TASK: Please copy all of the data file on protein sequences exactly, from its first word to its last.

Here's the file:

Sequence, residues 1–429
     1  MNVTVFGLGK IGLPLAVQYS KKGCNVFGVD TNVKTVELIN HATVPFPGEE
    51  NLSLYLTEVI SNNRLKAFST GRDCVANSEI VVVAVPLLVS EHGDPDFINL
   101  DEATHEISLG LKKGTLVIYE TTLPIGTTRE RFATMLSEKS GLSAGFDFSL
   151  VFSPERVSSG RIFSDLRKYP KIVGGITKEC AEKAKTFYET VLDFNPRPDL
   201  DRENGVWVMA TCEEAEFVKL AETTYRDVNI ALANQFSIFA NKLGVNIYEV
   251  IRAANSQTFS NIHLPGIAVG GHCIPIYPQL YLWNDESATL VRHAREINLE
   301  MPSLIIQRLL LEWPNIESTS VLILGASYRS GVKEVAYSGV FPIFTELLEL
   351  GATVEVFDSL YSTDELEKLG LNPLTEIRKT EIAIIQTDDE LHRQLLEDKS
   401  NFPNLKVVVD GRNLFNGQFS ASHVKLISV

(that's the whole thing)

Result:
Sequence, residues 1–429
     1  MNVTVFGLGK IGLPLAVQYS KKGCNVFGVD TNVKTVELIN HATVPFPGEE
    51  NLSLYLTEVI SNNRLKAFST GRDCVANSEI VVVAVPLLVS EHGDPDFINL
   101  DEATHEISLG LKKGTLVIYE TTLPIGTTRE RFATMLSEKS GLSAGFDFSL
   151  VFSPERVSSG RIFSDLRKYP KIVGGITKEC AEKAKTFYET VLDFNPRPDL
   201  DRENGVWVMA TCEEAEFVKL AETTYRDVNI ALANQFSIFA NKLGVNIYEV
   251  IRAANSQTFS NIHLPGIAVG GHCIPIYPQL YLWNDESATL VRHAREINLE
   301  MPSLIIQRLL LEWPNIESTS VLILGASYRS GVKEVAYSGV FPIFTELLEL
   351  GATVEVFDSL YSTDELEKLG LNPLTEIRKT EIAIIQTDDE LHRQLLEDKS
   401  NFPNLKVVVD GRNLFNGQFS ASHVKLISV